Alan Bollard delivers his third-to-last monetary policy statement this month. The good news is that last year inflation dropped into the bottom half of his 1-3 per cent target range. So, is he going out on a high?
Central banks are supposed to be dead boring. Over the past three years they have become truly central to much of the global economy, doing things sober central bankers are not supposed to do to remedy what market bankers caused by doing things they were not supposed to do.
Here the Reserve Bank has stuck pretty much to inflation targeting, embedded in the 1989 legislation and in policy targets agreements (PTAs) successive finance ministers signed with Don Brash and then Bollard.
Inflation targeting assumes that keeping inflation low, in a band or close to a number, will promote economic stability.
In fact, inflation targeting did not stop us joining much of the “developed” world in a binge, from which we now have a hangover — in some countries a crushing one.
Through the 1990s the explosive growth of low-cost manufacturing in China drove down consumer goods prices and computerisation drove down the price of many services. Even allowing for some drivers in the other direction — for example, costly new medical interventions — overall prices should logically have been going down, not up.
But Alan Greenspan at the Federal Reserve reckoned all was well as long as prices didn’t go up too much. He, then Ben Bernanke ran that line through the 2000s.
The Reserve Bank and politicians here agreed. In fact, Winston Peters in 1996 and Michael Cullen in 1999 lifted the PTA target, Peters from 0-2 per cent to 0-3 per cent (midpoint 1.5 per cent) and Cullen to 1-3 per cent (midpoint 2 per cent).
Moreover, politicians always prefer inflation in the top half of the target band. That way the official and market interest rates can be slightly lower and home owners, manufacturers and unions get less agitated. Politicians have not minded much when inflation has gone through the top of the band, even if not driven by the likes of the 2010 GST increase. They would mind very much if it went through the bottom of the band because they would be accused of standing by while jobs were destroyed.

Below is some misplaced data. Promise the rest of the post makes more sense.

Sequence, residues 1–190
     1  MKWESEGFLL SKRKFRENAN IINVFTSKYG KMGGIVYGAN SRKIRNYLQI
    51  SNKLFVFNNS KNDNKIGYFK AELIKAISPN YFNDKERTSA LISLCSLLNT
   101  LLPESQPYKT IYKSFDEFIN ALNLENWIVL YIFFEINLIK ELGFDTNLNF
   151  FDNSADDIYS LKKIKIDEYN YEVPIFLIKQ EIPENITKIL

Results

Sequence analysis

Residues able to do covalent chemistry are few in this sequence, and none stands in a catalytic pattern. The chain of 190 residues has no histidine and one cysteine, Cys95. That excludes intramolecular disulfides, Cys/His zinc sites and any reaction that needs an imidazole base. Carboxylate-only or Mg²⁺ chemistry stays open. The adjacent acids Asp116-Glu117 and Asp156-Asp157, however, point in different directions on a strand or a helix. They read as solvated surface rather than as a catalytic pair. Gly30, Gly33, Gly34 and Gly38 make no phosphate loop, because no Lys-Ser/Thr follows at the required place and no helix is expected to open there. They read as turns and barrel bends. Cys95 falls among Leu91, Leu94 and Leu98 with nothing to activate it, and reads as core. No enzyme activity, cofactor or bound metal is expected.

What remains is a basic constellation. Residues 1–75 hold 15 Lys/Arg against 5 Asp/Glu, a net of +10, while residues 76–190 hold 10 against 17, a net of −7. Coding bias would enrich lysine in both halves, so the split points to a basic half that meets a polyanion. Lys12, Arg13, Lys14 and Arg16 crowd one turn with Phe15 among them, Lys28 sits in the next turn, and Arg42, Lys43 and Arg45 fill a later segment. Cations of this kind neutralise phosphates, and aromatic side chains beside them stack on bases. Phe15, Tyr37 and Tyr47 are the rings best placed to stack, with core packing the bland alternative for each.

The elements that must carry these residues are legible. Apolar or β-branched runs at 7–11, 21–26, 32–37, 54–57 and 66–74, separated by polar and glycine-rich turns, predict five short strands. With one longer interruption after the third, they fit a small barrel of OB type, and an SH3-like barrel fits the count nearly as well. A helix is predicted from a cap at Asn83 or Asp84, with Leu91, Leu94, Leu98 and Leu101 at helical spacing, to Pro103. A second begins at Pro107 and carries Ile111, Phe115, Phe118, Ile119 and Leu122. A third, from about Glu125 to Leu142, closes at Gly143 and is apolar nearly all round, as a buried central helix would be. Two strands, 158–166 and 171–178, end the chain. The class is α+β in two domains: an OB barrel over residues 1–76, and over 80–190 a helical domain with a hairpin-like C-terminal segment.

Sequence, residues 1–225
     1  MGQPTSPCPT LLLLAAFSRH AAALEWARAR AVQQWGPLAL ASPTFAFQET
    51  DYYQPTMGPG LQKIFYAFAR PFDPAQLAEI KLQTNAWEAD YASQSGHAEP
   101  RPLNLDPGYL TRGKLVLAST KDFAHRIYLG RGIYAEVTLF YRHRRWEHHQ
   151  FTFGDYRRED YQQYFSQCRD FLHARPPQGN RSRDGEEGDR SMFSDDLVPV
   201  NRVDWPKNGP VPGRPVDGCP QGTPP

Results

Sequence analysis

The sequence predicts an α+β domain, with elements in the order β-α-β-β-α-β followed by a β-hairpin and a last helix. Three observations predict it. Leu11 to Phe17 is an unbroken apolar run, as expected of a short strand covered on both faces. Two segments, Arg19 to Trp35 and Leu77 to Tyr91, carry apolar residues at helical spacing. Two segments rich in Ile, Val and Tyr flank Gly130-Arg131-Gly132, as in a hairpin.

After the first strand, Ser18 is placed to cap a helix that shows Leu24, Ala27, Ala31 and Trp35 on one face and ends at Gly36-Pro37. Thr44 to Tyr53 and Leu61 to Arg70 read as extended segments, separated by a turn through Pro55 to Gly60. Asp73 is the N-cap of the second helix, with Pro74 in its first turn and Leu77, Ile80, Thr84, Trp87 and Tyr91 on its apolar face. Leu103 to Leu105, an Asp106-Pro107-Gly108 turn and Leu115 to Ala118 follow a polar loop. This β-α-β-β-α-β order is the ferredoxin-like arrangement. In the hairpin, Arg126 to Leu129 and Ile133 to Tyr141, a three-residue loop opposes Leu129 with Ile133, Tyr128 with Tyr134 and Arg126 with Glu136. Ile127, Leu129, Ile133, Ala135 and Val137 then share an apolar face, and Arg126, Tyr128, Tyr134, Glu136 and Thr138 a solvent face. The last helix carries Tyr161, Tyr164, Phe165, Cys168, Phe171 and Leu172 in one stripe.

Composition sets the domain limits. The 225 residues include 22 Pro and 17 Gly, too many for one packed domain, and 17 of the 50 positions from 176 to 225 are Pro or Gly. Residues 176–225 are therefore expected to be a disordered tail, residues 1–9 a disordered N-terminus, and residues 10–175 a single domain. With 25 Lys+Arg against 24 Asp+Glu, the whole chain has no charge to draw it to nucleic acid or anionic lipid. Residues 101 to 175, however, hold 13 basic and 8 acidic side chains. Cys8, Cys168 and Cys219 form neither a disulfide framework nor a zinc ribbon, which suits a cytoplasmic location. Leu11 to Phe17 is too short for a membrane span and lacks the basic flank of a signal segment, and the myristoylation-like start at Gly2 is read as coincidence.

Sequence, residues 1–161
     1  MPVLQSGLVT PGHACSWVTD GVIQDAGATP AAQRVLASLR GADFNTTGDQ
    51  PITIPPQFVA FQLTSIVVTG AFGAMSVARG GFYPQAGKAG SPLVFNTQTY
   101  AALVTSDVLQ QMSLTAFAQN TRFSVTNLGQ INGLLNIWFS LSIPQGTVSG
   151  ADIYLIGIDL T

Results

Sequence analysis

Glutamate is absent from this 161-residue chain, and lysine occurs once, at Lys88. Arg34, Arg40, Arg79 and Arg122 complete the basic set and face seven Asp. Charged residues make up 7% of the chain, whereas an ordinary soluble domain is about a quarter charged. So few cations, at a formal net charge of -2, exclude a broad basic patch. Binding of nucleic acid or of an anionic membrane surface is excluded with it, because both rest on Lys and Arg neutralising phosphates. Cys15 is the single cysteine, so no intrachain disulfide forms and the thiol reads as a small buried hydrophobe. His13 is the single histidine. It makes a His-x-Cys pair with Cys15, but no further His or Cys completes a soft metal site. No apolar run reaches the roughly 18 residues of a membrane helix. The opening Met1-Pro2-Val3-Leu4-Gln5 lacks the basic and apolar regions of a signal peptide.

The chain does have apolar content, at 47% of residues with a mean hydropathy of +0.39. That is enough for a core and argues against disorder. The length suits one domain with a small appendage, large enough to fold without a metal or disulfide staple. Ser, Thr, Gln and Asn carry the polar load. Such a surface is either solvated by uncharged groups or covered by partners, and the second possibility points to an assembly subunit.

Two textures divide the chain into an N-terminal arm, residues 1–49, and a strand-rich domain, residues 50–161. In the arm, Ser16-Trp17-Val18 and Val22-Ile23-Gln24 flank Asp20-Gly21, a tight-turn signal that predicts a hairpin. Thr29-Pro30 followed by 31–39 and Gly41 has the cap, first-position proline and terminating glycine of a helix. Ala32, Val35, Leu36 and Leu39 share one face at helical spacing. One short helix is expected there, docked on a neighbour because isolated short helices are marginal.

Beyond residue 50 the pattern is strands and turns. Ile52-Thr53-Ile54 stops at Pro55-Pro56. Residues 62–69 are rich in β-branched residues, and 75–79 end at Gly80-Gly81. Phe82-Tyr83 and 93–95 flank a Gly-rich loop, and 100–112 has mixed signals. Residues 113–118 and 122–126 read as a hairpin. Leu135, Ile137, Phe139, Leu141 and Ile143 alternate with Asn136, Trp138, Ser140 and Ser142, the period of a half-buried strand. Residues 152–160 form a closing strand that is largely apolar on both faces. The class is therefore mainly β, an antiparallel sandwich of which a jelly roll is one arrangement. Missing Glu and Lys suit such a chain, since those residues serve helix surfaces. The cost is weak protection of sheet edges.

The result of letting inflation run at even 2-3 per cent when it should have been sub-zero — deflation — was a money blowout. The result of that was a bubble, the antithesis of good monetary policy.
Here at least, unlike Greenspan and Bernanke, Brash, then Bollard did bother about the bubble. Bollard took the official cash rate up to 8.25 per cent in 2007-08. One result of that was a high exchange rate which destroyed jobs in export and import-substitution industries. High interest rates also deterred investment which could have created jobs and lifted wages.
Now in the United States, Japan, Britain and Europe central bank interest rates are at or near zero. Central banks are also printing money furiously. This, coupled with “fiscal stimulation”, is supposed to generate “recovery”.
But persistent very low interest rates can, perversely, hamper growth. For example, they send a signal that the economy is at best iffy and at worst in peril which is likely to make consumers wary of spending and instead prefer to pay down mortgages and other debt and to make companies wary of investing, even if (as now in the United States and Europe) they have stacks of cash.
And if interest rates stay low, those trying to save for retirement figure they need a higher level of capital to generate their target income — so those people save more and spend less and dampen “recovery”.
This growth-arresting theory about low interest rates is one element in a flourishing worldwide first-principles debate on what central banks should do. Bollard has timed his exit well.